I'm curious to see if I'll enjoy it more than LOTR, but probably not curious enough to go out and spend 11 bucks to see it in theaters.
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  #60  
Old 12-16-2012, 05:22 PM
Didn't he use the light of his staff and his powers of talking to butterflies in Return of the King too?

The Hobbit is not as bad as critics are making it out to be. I saw it in IMAX 3D 48 fps and honestly, didn't find a difference at all. The 48fps freaked me out too in the beginning, but it was totally fine. Maybe it was the 3D that made it O.K., I'm not sure, but at the same time I didn't really feel any extra special immersive effects of 3D like I did with Life of Pi this year.

It's not as bad as the critics say it is, but it's nowhere near the levels of LOTR, and other blockbusters this year like The Dark Knight Rises, The Avengers, Skyfall and Life of Pi where there was better action (Skyfall, Avengers, TDKR), better characters (Skyfall, TDKR, Life of Pi) or more emotional weight (TDKR, Life of Pi). But Jackson and co. are not to blame for that. The Hobbit, as a book, just pales in comparison to Lord of the Rings so it's only natural that the version of the film won't reach those same heights. There's a reason only one dwarf was featured in the whole LOTR trilogy; their shtick gets old pretty fast. Here we have to deal with 12 of them. The main problem with The Hobbit is the decision to stretch it and milk it for all it's worth so that they make as much money as possible out of it. It's all sugercoated to make it seem like it's done for the fans, but truth be told the film would have been much better, and probably a serious awards contender, had it been one 3 hour long epic adventure. Instead we're going to get 3 films, 3 hour long each, so useless scenes are inevitable and stick out like a sore thumb and the reason why it's not a serious awards contender shouldn't surprise anyone.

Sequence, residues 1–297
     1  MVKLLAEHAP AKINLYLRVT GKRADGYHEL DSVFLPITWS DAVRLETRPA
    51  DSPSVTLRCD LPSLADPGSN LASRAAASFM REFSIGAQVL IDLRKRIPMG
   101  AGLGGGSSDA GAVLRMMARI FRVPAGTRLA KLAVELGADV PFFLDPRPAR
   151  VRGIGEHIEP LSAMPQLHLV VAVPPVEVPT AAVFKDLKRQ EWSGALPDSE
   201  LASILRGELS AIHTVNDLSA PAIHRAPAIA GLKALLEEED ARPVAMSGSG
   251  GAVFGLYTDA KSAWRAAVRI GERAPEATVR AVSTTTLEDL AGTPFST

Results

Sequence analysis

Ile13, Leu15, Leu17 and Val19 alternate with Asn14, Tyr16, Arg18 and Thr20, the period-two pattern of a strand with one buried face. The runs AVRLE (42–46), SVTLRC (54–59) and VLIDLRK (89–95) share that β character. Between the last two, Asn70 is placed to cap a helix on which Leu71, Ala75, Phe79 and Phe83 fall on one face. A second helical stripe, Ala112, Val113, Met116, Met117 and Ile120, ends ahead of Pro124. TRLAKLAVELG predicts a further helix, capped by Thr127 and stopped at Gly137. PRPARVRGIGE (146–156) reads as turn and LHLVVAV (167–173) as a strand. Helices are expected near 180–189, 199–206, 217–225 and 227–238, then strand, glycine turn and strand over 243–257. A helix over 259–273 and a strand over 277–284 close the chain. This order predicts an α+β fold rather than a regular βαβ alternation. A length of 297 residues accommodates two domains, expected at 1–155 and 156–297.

Spoiler:

What was the point of Saruman appearing? His advice just kept getting ignored by Galadriel's telepathy. He was just there as a wink-wink to LOTR fans. That whole scene was pretty pointless. Just one example.


Martin Freeman does an ok job as Bilbo Baggins, although he has a very transparent way of acting nervous, confused and uncertain which almost started to annoy me. The bigger problem is (and it's Tolkien's fault again, not Jackson's) that the whole premise of why he's on this adventure is weak. It was only to get the ring. A few other things didn't make too much sense and should have been explained better like for example

Spoiler:

How did Bilbo act so normal when putting on the ring and keeping it on for so long, if it made Frodo freak out so much in LOTR and make Sauron and every Ork start spasing out? Can't remember if it was explained in the book or not, it's been years since I've read it


Overall though, it all comes down to how big of a fan you are of Middle Earth. Luckily, I'm a pretty big fan so going back to that world the way Jackson creates it was great fun. Gandalf is still the boss, the visuals and art direction are still amazing and the few action scenes we get were awesome to see on the big screen. Andy Serkis does a great job again as Gollum and provides another highlight. The pale ork was also spot on.

If you like Middle Earth, appreciate the creatures and adventures that come along with them, you're going to enjoy this a lot. If you're not that big of a fan and thought the LOTR films were just ok or whatever, you'll most likely hate The Hobbit because it's got plot and narrative issues up the wazoo and scenes that make you feel like you're watching a web-series in between seasons of a great television show.

7/10

Last edited by DaMovieMan; 12-16-2012 at 05:50 PM..
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  #61  
Old 12-16-2012, 05:57 PM
Quote:
Originally Posted by ilovemovies View Post
I don't understand this criticism. Gandalf is a friggin' wizard after all. Plus, I gotta ask: did they annoy in the Lord of the Rings trilogy? Because they were used similarly a few times in those movies as well.
You said it yourself, they were used similarly a few times in those movies too. This is the third time the eagles have sprung to the rescue, though noble, it's now become this redundant overused plot device to get our heroes out of impossible situations.